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Bees and Wasps

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jdean
614773.  Fri Sep 18, 2009 6:35 am Reply with quote

I realise this thread has been quiet for a while, but I wanted to talk about mythology surounding bees.

Many European cultures (I am only familiar with European cultures) belived bees in some way communicate with the dead, or speak with the voices of the dead.

The details of the myths vary, but they are all very similar.

 
CB27
614801.  Fri Sep 18, 2009 7:05 am Reply with quote

They're popular myths 'cos there's always a bit of a buzz around them.




OK, I'll get my coat...

 
jdean
614803.  Fri Sep 18, 2009 7:06 am Reply with quote

Groan... :)

 
Jenny
614988.  Fri Sep 18, 2009 12:20 pm Reply with quote

I wonder if that's what the folk custom of telling the bees about a death in the house is connected to.

 
jdean
615435.  Sat Sep 19, 2009 1:31 pm Reply with quote

I belive so. Many versions of the myths have bees as the messangers between the dead and the living.

 
IAmChris
641156.  Fri Nov 27, 2009 3:26 pm Reply with quote

jdean wrote:
I belive so. Many versions of the myths have bees as the messangers between the dead and the living.


Check out "The Shamanic Way of The Bee" by Simon Buxton, which explains details of ancient practices of bee keepers that have maintained till this day. Even in the British Isles, having survived in secret through our oppressive history of christian dogma.

 
IAmChris
641159.  Fri Nov 27, 2009 3:32 pm Reply with quote

Hi,

Watching QI gardening episode and they all seem to think bees eat honey, which is true I suppose. Most of the bee's food is bee bread (honey and pollen mix), which is almost a complete food for humans providing all our mineral requirements.

 
Sadurian Mike
641295.  Sat Nov 28, 2009 3:12 am Reply with quote

In fairness, they also advocated pouring boiling honey onto bees to kill them, so I'm not sure we can put that particular clip in the "factual" category.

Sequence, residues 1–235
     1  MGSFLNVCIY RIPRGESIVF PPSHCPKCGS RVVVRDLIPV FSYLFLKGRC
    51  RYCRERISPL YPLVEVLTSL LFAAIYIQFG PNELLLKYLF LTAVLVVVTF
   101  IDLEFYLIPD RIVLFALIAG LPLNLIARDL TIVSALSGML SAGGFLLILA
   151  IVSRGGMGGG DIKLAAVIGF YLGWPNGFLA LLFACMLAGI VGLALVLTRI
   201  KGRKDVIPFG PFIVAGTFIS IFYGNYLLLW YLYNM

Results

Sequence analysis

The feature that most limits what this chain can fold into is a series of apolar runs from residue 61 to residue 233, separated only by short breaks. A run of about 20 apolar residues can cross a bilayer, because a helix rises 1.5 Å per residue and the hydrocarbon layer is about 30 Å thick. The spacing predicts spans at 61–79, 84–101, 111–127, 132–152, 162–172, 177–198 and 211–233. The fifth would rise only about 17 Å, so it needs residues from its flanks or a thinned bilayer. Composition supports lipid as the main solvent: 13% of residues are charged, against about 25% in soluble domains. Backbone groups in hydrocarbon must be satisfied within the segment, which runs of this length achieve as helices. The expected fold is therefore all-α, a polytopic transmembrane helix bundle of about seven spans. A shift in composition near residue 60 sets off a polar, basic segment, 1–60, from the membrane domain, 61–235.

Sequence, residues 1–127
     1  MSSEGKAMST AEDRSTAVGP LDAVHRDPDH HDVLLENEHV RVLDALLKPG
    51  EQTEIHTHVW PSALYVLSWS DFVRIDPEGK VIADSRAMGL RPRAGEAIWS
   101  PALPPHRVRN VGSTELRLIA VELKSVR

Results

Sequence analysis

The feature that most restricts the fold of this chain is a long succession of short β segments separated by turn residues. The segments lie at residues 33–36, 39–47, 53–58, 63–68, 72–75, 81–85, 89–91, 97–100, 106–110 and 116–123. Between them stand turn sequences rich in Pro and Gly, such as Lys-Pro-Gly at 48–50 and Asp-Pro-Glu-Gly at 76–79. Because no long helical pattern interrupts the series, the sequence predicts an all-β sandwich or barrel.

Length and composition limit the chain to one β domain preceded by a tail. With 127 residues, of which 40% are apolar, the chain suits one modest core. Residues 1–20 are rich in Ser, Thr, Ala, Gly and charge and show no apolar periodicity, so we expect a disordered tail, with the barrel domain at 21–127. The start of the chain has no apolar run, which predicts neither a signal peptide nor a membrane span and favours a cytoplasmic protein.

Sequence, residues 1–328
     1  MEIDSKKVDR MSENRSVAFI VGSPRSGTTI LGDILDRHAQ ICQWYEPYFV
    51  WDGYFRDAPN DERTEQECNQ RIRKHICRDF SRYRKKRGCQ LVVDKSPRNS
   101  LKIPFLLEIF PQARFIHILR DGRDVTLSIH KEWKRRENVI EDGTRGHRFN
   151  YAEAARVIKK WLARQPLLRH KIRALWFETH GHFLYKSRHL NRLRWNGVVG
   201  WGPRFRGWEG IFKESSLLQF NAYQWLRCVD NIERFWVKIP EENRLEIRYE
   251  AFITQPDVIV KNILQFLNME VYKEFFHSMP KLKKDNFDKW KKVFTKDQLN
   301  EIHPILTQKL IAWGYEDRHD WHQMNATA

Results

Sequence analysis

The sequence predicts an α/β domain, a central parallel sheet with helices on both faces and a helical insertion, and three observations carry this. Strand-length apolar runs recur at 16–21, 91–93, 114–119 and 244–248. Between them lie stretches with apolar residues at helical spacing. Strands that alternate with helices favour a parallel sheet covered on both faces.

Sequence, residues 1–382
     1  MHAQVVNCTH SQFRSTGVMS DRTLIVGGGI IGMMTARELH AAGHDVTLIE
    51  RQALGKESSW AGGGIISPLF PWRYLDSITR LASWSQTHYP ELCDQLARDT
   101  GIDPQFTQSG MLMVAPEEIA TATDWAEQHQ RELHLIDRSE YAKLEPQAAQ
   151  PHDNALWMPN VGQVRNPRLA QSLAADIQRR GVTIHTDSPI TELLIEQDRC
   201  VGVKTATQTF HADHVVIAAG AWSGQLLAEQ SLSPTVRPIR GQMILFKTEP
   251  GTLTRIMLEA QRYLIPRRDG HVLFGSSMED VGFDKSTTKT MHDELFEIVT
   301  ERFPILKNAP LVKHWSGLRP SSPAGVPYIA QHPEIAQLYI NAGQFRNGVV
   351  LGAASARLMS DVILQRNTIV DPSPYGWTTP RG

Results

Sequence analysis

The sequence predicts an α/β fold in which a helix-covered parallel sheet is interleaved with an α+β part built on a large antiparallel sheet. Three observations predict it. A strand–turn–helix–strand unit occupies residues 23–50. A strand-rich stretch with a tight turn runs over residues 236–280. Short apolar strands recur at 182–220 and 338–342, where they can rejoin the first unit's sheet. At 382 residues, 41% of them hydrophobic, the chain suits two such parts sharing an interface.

Hi, by the way.

 
Posital
641530.  Sat Nov 28, 2009 3:43 pm Reply with quote

Apparently it's fairly easy to tell the difference between a bee and a wasp: bees float and wasps sink.

(Climbs back up the apples and pears.)

 
alanglover
642436.  Tue Dec 01, 2009 7:59 pm Reply with quote

It seems the team on the "Gardens" episode were not aware that when you find a bee staggering around the lawn unable to fly it is generally because it is infested with mites. If you get a glass of warm water and scoop up the bee and drop it in, and push it under, the mites abandon ship. The bee doesn't like it much, but survives, and once it has dried off it will be able to fly away again. When I tried it there were clouds of mites in the water - must have been approaching a hundred of them.

So next time you see one you will have the joy of saving a staggering bee.

 
dr.bob
642473.  Wed Dec 02, 2009 4:40 am Reply with quote

Excellent advice! I can't wait for next summer to come 'round so I can practise dunking bees :)

 
Jenny
642557.  Wed Dec 02, 2009 11:06 am Reply with quote

How do you get the bee out of the water without the mites sticking to it again?

 
alanglover
642605.  Wed Dec 02, 2009 12:29 pm Reply with quote

I just chucked the entire contents of the glass across the lawn - water, mites and bee all at once!

 
alanglover
642629.  Wed Dec 02, 2009 12:47 pm Reply with quote

I suppose you could extract the bee using one of those individual cup tea infusers - like this:

http://ep.yimg.com/ca/I/stashtea_2080_166892126


Last edited by alanglover on Mon Dec 07, 2009 5:03 am; edited 1 time in total

 
Posital
642658.  Wed Dec 02, 2009 2:55 pm Reply with quote

alanglover wrote:
I just chucked the entire contents of the glass across the lawn - water, mites and bee all at once!
This is the most edifying thing I've heard all year.

A thousand thank yous.

 

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